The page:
Saturday’s UFC Vegas 20 will present fight fans 12 competitive matchups and feature a light-heavyweight co-main event and a heavyweight main event. In the main event, two highly regarded prospects each young, strong, equipped and focused will compete to determine which will elevate himself into the upper tier of a division that is mainly four men deep.
While last week’s UFC production was lacking real PPV appeal, this card offers highly competitive matchups, including a few that may be mispriced.
Last week Darrick Minner + 165 dominated Charles Rosa by unanimous decision, which padded “Insight the Octagon” profitability on 2021 releases to 4-3 + 1.75 units.
There will be UFC fight cards to dissect for the next several weeks, so the time is now to increase our bankroll and prepare for future opportunities.
* Aljamain Sterling was released on these pages weeks ago. When I find a future bout offering a price advantage that I feel may evaporate over time, I’ll jump the matchup then post those moves here just as I have with Sterling. For new readers Sterling + 120 is an official release. He fights champion Petr Yan in a bantamweight championship bout to be held March 6.
CIRYL GANE -260 VS. JAIRZINHO ROZENSTRUIK + 220
Heavyweight (265 pounds), Main Event
Seventh-ranked French prospect Gane comes in with superior physique, profuse striking power and substantial (and appropriate) hype. His background lies in Muay Thai striking, competing seven times before the start of his MMA career. Gane has displayed little wrestling in his past bouts mostly because he has owned superior striking ability over his opponents. I expect that could change in this fight.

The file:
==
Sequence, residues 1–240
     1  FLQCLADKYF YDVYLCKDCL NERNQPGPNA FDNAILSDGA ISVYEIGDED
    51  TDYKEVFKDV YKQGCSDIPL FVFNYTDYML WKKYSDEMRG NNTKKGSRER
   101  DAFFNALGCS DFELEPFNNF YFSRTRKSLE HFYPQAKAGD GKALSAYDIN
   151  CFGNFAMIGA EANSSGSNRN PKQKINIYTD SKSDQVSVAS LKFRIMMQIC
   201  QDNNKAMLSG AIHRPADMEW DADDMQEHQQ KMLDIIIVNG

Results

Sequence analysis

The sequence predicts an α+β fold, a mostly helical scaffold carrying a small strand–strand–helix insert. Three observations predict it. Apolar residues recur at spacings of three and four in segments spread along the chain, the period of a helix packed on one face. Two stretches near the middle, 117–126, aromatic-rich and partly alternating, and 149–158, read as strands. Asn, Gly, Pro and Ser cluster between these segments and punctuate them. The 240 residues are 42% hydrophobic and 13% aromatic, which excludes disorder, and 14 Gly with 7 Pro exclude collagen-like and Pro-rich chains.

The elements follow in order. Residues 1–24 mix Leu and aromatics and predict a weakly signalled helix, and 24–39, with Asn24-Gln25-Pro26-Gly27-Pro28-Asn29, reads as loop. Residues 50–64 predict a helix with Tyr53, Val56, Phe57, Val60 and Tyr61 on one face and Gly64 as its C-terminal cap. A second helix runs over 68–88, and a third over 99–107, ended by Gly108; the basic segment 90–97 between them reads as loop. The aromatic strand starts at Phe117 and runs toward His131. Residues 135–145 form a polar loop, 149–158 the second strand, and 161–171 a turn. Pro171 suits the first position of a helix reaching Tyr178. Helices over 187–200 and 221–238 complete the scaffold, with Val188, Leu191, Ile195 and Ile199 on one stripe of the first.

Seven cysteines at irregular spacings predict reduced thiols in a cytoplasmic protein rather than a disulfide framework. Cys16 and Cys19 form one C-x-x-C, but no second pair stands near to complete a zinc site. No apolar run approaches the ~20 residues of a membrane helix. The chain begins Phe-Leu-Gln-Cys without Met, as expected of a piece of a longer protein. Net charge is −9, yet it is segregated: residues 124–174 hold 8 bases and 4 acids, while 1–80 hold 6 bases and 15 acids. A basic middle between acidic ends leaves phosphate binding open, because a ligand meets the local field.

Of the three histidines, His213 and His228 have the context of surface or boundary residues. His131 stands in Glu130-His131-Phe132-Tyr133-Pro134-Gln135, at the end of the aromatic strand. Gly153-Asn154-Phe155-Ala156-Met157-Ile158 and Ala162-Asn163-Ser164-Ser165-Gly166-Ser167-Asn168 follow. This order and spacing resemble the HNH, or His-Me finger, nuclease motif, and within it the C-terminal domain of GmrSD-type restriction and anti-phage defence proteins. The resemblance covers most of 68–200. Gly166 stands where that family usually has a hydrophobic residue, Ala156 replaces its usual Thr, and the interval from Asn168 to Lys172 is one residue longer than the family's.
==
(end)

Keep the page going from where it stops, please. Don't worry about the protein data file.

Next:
Both of these men are gifted Muay Thai, kickboxing talents. Though we’ve not seen him grapple, it’s possible Gane will display some clinching/grappling/wrestling against Rozenstuik as he’s the more well-rounded fighter and Rozenstruik can barely spell wrestling let alone execute its basic functions.
Gane has evolved in each of his four UFC fights. He has beaten sturdy, durable heavyweights in Raphael Pessoa and Junior dos Santos and decisioned Tanner Boser, another promising heavyweight prospect, in a fight in which both men impressed.
What remains to be discovered about Gane is how well he fares on the mat, how he will handle the pressure of being in a main event spotlight and how he’ll deal with a dangerous, explosive power striker much like himself in Rozenstruik. Gane has been a full three rounds only once in his short but impressive pro career.
One thing to note is that outside of his bout with Boser, Gane has not really received striking damage, so it will be interesting to see if his opponent can land leg or arm strikes to test the monster's mettle.